Instead of this kind of nonsense, the two key elements of counterterrorism are as follows:
First, it is not the quantity of material that counts, but the need to locate and correctly understand the most vital material. This requires your security forces to understand the ideological, psychological, and organizational nature of the threat. Second, it is necessary to be ready to act on this information not only in strategic terms but in political terms.
For example: suppose the U.S. ambassador to Libya warns that the American compound there may be attacked. No response.
Then he tells the deputy chief of mission that he is under attack. No response.
Then, the U.S. military is not allowed to respond.
Then, the president goes to sleep without making a decision about doing anything because of a communications breakdown between the secretaries of Defense and State, and the president goes to sleep because he has a very important fundraiser the next day.
But don’t worry — because three billion telephone calls by Americans are daily being intercepted and supposedly analyzed.
In other words, you have a massive counterterrorist project costing $1 trillion, but when it comes down to it, the thing repeatedly fails.
To quote the former secretary of State: “What difference does it make?”
If one looks at the great intelligence failures of the past, these two points quickly become obvious. Take for example the Japanese surprise attack on Pearl Harbor on December 7, 1941: U.S. naval intelligence had broken Japanese codes — they had the information needed to conclude the attack would take place. Yet a focus on the key to the problem was not achieved. The important messages were not read and interpreted; the strategic mindset of the leadership was not in place.
Or, in another situation: the plans of Nazi Germany to invade the USSR in 1941, and the time and place of the Allied invasion of Normandy in 1944, were not assessed properly, with devastating results. Of course the techniques were more primitive then, but so were the means of concealment. For instance, the Czech intelligence services — using railroad workers as informants — knew about a big build-up for a German offensive against the USSR. Soviet leader Joseph Stalin overrode the warnings. Soviet analysts predicting a Nazi invasion were punished.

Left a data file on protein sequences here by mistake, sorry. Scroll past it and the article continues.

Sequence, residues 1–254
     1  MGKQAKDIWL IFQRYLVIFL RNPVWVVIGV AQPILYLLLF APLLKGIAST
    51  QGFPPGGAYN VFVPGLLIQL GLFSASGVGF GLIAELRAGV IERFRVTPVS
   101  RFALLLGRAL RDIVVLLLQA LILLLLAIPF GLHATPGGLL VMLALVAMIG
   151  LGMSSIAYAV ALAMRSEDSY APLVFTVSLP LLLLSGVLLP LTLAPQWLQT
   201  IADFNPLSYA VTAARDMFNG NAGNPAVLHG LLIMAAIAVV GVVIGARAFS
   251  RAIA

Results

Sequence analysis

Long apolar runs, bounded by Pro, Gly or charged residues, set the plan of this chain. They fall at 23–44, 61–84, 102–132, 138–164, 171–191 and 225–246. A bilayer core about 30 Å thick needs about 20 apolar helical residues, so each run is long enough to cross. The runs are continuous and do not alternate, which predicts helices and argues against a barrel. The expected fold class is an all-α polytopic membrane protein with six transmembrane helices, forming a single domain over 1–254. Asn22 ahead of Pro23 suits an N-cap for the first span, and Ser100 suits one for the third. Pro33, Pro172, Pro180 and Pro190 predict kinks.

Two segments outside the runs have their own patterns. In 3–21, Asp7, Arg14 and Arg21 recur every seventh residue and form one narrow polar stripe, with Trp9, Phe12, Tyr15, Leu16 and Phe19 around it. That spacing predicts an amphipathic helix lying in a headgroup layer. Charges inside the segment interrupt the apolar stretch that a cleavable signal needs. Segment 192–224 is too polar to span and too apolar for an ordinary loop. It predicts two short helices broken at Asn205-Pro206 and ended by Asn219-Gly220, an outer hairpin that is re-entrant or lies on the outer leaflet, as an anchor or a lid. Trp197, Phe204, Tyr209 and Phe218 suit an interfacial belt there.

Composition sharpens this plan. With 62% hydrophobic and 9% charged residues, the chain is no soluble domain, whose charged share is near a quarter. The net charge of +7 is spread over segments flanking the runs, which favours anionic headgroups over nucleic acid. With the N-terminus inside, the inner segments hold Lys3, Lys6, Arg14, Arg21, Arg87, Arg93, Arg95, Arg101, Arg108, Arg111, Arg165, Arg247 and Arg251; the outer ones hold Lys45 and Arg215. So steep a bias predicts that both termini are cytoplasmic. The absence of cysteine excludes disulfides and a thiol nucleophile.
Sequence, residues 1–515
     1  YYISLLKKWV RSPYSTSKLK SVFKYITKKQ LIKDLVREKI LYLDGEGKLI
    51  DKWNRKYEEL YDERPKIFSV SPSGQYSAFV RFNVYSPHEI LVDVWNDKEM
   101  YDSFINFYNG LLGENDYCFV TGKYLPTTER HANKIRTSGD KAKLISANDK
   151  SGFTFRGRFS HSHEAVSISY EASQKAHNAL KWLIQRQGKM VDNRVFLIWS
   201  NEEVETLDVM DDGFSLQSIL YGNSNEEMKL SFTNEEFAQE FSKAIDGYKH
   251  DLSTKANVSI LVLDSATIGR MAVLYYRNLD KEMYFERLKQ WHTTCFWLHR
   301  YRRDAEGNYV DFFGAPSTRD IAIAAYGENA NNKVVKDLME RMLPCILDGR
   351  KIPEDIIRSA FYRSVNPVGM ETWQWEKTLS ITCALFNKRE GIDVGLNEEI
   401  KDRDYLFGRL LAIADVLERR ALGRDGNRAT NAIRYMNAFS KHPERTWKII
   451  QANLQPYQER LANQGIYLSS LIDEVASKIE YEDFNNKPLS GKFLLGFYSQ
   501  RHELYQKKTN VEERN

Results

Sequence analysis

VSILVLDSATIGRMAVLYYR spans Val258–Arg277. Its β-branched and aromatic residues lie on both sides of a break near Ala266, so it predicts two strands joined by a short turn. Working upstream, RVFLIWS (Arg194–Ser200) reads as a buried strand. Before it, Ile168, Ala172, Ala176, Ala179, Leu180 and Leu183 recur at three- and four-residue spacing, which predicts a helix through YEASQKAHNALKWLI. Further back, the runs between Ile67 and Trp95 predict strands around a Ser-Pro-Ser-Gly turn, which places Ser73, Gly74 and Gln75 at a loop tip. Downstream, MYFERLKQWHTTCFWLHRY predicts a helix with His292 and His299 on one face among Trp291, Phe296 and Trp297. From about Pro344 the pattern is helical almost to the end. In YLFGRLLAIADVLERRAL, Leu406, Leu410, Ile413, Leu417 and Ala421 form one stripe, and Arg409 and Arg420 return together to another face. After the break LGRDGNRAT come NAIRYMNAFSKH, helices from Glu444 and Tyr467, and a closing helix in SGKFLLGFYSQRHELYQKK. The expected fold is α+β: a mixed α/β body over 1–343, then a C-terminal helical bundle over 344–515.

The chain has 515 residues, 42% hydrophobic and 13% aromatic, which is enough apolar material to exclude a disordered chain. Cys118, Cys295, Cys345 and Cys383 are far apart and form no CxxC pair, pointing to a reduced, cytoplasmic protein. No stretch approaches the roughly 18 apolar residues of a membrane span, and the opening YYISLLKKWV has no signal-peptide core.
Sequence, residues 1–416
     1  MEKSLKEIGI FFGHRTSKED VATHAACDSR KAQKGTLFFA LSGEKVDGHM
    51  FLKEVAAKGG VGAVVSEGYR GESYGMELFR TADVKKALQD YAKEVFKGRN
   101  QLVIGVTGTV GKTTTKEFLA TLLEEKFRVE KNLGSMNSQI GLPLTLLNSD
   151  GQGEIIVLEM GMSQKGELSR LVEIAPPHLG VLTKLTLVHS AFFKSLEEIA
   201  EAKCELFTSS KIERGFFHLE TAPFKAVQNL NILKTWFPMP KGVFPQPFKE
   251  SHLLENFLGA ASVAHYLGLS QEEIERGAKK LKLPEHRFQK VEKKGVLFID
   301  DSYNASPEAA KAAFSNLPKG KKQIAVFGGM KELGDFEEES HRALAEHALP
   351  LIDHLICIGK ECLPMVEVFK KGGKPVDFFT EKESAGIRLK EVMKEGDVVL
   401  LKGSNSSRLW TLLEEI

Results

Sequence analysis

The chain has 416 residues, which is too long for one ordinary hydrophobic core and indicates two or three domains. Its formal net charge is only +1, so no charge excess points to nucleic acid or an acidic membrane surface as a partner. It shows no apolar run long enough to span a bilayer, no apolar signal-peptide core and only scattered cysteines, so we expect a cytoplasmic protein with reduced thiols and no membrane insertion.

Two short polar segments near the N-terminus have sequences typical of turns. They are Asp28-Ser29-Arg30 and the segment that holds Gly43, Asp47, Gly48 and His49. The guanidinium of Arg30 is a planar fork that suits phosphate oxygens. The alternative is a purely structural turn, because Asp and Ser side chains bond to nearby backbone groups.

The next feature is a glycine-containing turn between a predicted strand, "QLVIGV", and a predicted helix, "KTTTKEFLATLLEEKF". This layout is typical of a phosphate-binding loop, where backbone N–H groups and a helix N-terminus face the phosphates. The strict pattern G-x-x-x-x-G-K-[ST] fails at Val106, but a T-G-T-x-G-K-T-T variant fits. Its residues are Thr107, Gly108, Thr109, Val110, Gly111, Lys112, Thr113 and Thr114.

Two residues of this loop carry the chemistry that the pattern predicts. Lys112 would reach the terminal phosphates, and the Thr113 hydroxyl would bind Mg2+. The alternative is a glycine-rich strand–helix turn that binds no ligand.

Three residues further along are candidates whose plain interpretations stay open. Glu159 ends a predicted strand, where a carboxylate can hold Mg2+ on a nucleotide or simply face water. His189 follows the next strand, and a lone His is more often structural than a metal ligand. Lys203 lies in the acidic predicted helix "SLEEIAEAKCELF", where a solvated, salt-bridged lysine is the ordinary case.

Nothing would have changed if more material was collected.
So what needs to be in place, again, is a focus on the highest-priority material, on analyzing correctly what is available, on having leaders accept it and act upon it. If the U.S. government can’t even figure out what the Muslim Brotherhood is like, or the dangers of supporting Islamists to take over Syria, or the fact that the Turkish regime is an American enemy, or if they can’t even teach military officers who the enemy is … what’s it going to do with scores of billions of telephone calls?
If the material is almost limitless, that actually weakens a focus on the most-needed intelligence regarding the most likely terrorist threats. Imagine going through billions of telephone calls, rather than following up a tip from Russian intelligence on a young Chechen man in Boston who is in contact with terrorists. Or going through the communications between a Yemeni al-Qaeda leader and a U.S. Army major who is assigned as a psychiatrist to Fort Hood.